Our next stop was the city of Nuremberg, both famous and infamous at the same time. Nuremberg had a glorious past and was once the unofficial capital of the Holy Roman Empire. It is still considered one of Germany’s most historic cities with written records that date back to the 11th century. As Germany moved into the 20th century, Nuremberg still enjoyed a wonderful collection of medieval buildings in its old town. However, this beautiful city would pay dearly for Hitler’s interest in its connection to the Holy Roman Empire. Nuremberg was very heavily bombed during WWII and almost 90 % of its historic city center was destroyed in a single raid by the British Air Force on January 2, 1945. Nuremberg was noted for the production of toys and gingerbread not war material but because Hitler had made it a Germanic symbol, the British deliberately set out to destroy mainly civilian targets in the medieval heart of the city.
Two ancient churches were heavily damaged as most of the buildings were turned into rubble. It did not help Nuremberg’s fate that the Nuremberg Laws of 1935 were announced there nor that Leni Riefenstahl used it as the site for her iconic Nazi film, Triumph of the Will.
We were scheduled to arrive at our city dock around 8 AM, which unfortunately was not in walking distance of the city center. After breakfast, we would have the choice of two tours, both of which would take about 3 hours. The first was dedicated to WWII,, which included touring the decaying buildings of Hitler’s rally center and Zeppelin field, followed by a visit to the Nazi Documentation Center. This did sound interesting but the Ramblers decided to take option 2. This was a relatively brief drive-thru tour of the Nazi Parade Grounds followed by a Nuremberg city walking tour of the castle and the heart of medieval Nuremberg.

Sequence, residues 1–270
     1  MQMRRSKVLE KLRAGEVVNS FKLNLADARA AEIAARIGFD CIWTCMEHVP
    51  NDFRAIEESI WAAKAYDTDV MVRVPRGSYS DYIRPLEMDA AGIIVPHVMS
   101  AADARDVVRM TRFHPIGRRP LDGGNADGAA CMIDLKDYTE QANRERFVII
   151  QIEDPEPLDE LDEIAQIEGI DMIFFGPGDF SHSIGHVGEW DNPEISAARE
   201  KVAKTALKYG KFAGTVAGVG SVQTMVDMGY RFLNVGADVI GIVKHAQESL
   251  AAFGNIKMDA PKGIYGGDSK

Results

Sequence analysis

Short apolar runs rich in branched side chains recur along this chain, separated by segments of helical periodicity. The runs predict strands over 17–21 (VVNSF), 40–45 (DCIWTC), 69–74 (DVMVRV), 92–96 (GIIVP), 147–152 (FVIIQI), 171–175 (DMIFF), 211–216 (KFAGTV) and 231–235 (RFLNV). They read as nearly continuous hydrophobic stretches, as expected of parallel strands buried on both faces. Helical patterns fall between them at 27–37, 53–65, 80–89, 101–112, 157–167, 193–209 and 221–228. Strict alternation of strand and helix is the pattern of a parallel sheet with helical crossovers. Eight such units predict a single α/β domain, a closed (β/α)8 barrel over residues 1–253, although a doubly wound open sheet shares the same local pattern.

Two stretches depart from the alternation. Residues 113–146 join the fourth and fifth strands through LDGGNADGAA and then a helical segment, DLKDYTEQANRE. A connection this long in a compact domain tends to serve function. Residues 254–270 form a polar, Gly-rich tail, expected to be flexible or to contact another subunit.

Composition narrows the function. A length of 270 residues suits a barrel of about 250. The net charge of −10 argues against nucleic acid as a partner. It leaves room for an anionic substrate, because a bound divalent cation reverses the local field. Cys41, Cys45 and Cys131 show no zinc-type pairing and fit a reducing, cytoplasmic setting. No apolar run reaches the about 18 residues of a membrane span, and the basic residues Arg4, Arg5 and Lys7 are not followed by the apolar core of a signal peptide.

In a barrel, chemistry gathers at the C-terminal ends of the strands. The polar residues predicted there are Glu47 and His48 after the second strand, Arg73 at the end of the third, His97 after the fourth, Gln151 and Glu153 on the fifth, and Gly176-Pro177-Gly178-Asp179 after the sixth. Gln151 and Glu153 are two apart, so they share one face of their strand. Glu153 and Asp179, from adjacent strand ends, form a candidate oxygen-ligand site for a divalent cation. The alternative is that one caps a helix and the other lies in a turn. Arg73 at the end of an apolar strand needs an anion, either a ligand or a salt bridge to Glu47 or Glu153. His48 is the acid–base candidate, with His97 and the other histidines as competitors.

We later heard that the folks who took the Documentation Center tour enjoyed it very much and would have liked to stay longer but we also enjoyed our tour and felt the same about the medieval alstadt.
Boarding our bus with the rest of the Gentle Walkers, we headed into Nuremberg, a city of about 500,000 people, today, the 14th largest in Germany. If Hitler had been successful it might well be much larger now, since he considered Nuremberg the most authentically “German” city with its ties to the ancient Holy Roman Empire. Thus he had the grounds that we were soon to visit constructed on a giant scale for massive Nazi rallies.
Like many grandiose plans, they never entirely came to completion.
The Zeppelin Field and Rally Grounds have become a major tourist attraction, and although we approached them quite early on a week-day morning there were already a number of busses parked in several areas as well as another string of busses whose passengers were doing only the drive through tour. At least 250,000 people visit the grounds every year.
The decaying grandeur of Hitler’s red brick coliseum ruins were matched by the over-grown expanses of the rally grounds.
The Ramblers along with the rest of the Gentle Walkers were quiet as we viewed the expansive area from where Hitler briefly had Germany mesmerized. It is a somber setting and made one think about the twists of fate that caused the eventual destruction of the Thousand Year Reich.
It may be that in twenty years or so, the place will be well on its way to total decay. However, the Ramblers are not so sure this is a good thing.
We have added a link that provides a good argument for rebuilding the grounds so that people will not forget happened here not so long ago. Yes, it will be expensive, but again it will be money well spent.